These articles are BULL****. Complete and UTTER BULL****. Yes... i am taking a VERY strong position on this.

    You can not compare the January auctions year after year after years. Especially in what I would consider the emerging business of collecting cars. Yes I said business. People have been collecting cars since just after WW2 so collecting cars isn't emerging however the business behind collector cars has really taken off since the late 90s or 2000s in every facet. From auctions, to parts suppliers, to dealers to speculators to new collectors etc... It has been explosive... and then you throw in a FREE MONEY bubble along with a crash and you have a very difficult EXCEL spread sheet to explain of auction prices etc.

    January collector car auctions are not a commodity like these article like to prop them up to be. It is not a pound of copper or an oz of gold. The pound of copper is the same year after year and is comparable (the pound and the quality, not the price) which means the only thing left to examine is the price and then you can chart its value year after year.

    January auctions are completely different. First off... You have had auction houses come and go. You have had auction houses taken on new kinds of cars. One example is Barret Jackson taking on the salon collection with reserves. Another is Russo and Steele doing a no reserve sunday. Another massive difference from this year to last year is the Ron Pratte collection sold. That was a very large collection that was added last year and had higher dollar cars on average. They also added several days to the auction. Hell barret jackson in the early 2000s was thursday through Sunday. They now open the doors sunday to sunday with auctions Tuesday through Sunday. It is simply not an apples to apples comparison.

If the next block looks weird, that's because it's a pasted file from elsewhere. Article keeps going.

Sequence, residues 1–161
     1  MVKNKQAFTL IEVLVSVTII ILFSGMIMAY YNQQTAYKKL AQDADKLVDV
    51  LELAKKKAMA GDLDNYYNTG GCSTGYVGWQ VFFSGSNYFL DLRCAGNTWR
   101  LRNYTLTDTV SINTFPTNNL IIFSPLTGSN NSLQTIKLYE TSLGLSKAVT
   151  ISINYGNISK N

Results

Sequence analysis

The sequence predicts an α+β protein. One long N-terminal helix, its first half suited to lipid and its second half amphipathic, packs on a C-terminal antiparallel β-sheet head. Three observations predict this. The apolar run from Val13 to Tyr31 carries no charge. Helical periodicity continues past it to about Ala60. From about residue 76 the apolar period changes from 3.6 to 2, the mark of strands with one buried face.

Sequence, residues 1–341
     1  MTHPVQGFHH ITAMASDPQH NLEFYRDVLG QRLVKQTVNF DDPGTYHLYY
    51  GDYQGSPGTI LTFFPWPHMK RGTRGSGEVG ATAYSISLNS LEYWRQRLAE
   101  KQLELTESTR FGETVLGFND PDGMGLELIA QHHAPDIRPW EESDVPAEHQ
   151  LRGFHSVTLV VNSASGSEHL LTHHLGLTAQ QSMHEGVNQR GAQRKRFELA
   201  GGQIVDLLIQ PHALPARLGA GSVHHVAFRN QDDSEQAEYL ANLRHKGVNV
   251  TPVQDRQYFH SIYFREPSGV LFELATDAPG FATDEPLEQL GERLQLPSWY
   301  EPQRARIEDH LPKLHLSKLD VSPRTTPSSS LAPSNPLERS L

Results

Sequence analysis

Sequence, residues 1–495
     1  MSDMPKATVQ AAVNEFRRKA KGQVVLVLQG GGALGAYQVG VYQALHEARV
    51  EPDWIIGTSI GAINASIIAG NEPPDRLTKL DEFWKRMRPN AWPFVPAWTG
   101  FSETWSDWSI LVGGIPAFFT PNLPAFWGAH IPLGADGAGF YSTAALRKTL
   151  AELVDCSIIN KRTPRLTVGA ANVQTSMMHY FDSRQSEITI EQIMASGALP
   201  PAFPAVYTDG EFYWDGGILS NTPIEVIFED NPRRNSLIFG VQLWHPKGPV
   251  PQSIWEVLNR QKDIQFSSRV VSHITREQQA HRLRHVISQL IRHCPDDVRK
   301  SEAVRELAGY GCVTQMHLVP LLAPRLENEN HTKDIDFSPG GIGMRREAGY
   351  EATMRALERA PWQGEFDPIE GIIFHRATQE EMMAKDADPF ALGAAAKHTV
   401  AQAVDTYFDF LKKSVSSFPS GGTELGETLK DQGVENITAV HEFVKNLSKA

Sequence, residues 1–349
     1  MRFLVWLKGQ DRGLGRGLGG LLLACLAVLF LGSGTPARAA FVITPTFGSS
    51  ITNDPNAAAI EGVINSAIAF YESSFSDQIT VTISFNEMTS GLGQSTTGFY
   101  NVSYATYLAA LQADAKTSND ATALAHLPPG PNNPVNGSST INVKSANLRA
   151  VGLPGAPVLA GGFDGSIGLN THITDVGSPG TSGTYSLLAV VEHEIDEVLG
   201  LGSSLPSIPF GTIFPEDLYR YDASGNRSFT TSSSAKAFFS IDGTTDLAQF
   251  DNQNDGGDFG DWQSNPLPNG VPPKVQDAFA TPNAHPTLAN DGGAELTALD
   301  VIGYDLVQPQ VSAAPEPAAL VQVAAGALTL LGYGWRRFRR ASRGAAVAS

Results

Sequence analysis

Moving on to the Gooding and RM auctions etc... There catelog of cars changes every year. Sometimes they have several Ferrari 250s and sometimes they don't have any. Look at the large presence of Porsches this year at Bonhams vs years past. The catelog is different every single year. What they have on offer is different every year. You know... Sometimes big big big cars just are not available to sell at auctions. Since Bonhams in 2014 had a GTO sell for over 30 million and Bonhams didn't have a car sell for 30 million in 2015 does that mean the collector car is crashing like a russian rocket on re-entry?

    NO!!!!!! It means they didn't have that expensive of a consignment.

    People need to do research and ASK WHY! Not read articles and regurgitate information. I know thats the world we live in since we have google at our finger tips now and we can all play expert. But real experts 1. will never call themselves experts 2. will never claim they know everything.